trying to tell a really specific narrative. So last summer, the musician
Carol Washington composed a work called ‘In the Harbor, Freedom Sings,’ and it was really about telling a metaphorical story of the African-American and Indigenous experience out on the harbor islands and in the harbor. Yes, similarly, Marsha Parilla, a multidisciplinary dance theater artist,
she’d be working with members of the Nipmuc, Massachusett, and Mashpee Wampanoag communities to tell us the historic and contemporary history of
Native Americans on the island. I can’t wait to hear and see what each of them
produces. I’m looking forward too. I mean, Georges Island, that is the place. And you were there as a kid… Yes, most definitely. I mean, I remember going there and getting on the ferry with the big water and I was scared because I
couldn’t swim. So now as an adult, and curating projects around the Boston
Harbor, it’s a great way to bring people together, and it’s so inspiring. And there’s lots of art to be found on the harbor even without the artists-in-residence, cool as they are. You can go out to Spectacle Island on a Sunday
afternoon and hear live music on the porch that’s there on the visitor center. – Yep. And then there’s also musical performances incorporated into the Summer Nights on Spectacle, which are happening on Saturdays this year. Yes, that’s cool. And there are projects around the harbor that you can access
without even getting on a boat. I mean, I didn’t even know about the Harborwalk
until I started working with Boston Harbor Now. Yeah, um. There’s one particular place on the Harborwalk that’s really well-known for art: the
Institute for Contemporary Art, or the ICA. Yes, and it’s the first building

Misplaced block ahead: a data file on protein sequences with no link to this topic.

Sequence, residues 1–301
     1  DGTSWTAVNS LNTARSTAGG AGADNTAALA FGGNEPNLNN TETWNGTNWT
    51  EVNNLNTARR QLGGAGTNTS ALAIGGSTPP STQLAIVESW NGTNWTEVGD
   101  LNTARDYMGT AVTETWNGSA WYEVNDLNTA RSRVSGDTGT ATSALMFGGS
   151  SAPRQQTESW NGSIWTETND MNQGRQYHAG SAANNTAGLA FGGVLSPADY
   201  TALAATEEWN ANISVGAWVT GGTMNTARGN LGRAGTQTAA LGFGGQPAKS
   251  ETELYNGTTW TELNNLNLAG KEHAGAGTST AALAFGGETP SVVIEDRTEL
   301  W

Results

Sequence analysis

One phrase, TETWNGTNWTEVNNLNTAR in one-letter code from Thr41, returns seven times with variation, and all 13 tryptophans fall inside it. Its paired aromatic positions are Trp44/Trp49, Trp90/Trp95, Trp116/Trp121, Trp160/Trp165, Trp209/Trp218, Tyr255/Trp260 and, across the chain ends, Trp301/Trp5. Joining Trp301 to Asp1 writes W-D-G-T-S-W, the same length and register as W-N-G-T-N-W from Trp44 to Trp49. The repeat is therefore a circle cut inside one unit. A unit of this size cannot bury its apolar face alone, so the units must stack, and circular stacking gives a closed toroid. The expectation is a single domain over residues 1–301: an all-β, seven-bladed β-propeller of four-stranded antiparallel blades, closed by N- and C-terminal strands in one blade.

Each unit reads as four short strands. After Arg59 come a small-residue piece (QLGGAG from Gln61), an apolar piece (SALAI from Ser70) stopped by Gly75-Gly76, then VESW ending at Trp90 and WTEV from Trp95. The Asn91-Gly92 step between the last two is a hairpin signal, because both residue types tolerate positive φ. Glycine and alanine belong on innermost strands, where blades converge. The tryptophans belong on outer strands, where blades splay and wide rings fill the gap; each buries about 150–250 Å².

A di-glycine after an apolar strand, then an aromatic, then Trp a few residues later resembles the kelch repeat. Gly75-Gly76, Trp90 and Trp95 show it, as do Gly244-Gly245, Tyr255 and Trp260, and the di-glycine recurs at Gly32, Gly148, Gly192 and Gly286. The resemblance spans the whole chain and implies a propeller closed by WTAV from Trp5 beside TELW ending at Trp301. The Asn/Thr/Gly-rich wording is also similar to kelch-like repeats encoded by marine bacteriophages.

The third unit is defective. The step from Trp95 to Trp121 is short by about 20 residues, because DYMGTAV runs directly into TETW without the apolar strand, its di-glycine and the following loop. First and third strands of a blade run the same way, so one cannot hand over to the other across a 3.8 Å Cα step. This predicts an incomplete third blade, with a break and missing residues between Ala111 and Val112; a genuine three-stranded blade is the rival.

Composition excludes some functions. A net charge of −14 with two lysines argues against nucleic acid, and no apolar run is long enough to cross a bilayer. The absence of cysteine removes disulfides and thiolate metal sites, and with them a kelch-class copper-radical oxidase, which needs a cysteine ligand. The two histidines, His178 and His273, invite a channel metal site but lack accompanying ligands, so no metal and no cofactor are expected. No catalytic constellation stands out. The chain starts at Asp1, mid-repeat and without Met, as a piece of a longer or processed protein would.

built in the Seaport. Yep, just Moakley Courthouse was there
when it went up. They started with their collection inside, and then they started activating the Harborwalk with music and arts outside.
And then this fall is the first time they’re gonna bring an installation from
inside the museum out onto the Harborwalk. And then last summer, they opened
the watershed space over in East Boston. Yeah, that space is so cool.
My husband is an iron worker who worked there at the shipyard for years, and it’s
so great how they transformed the space, and picked up the vibes of the
community for East Boston. Yeah. This summer’s exhibition, called ‘Purple’ by John Akomfrah, is a six-screen video installation that explores themes around
climate change and water. And it’s really amazing to see it in that space, so close
to the Harborwalk, and then also in a way that’s just really different from
the way the media talks about these issues, or even advocacy conversations. That’s right. That is the power of artists. We interpret what you might take
for granted, and around you right now. And I’m really grateful for the way they do
that. And with that, thanks for tuning in. I’m Ola Akin. I’m Alice Brown. And you can follow me on Twitter: @olascoboston Or at: @ferryfaerie And if you like this video, please share with friends or subscribe to the YouTube channel. You can throw us a like, or leave a comment below. Tell us about an artist on the Harborwalk or on the islands that inspired you, or something that you produced. And we hope you’ll be inspired.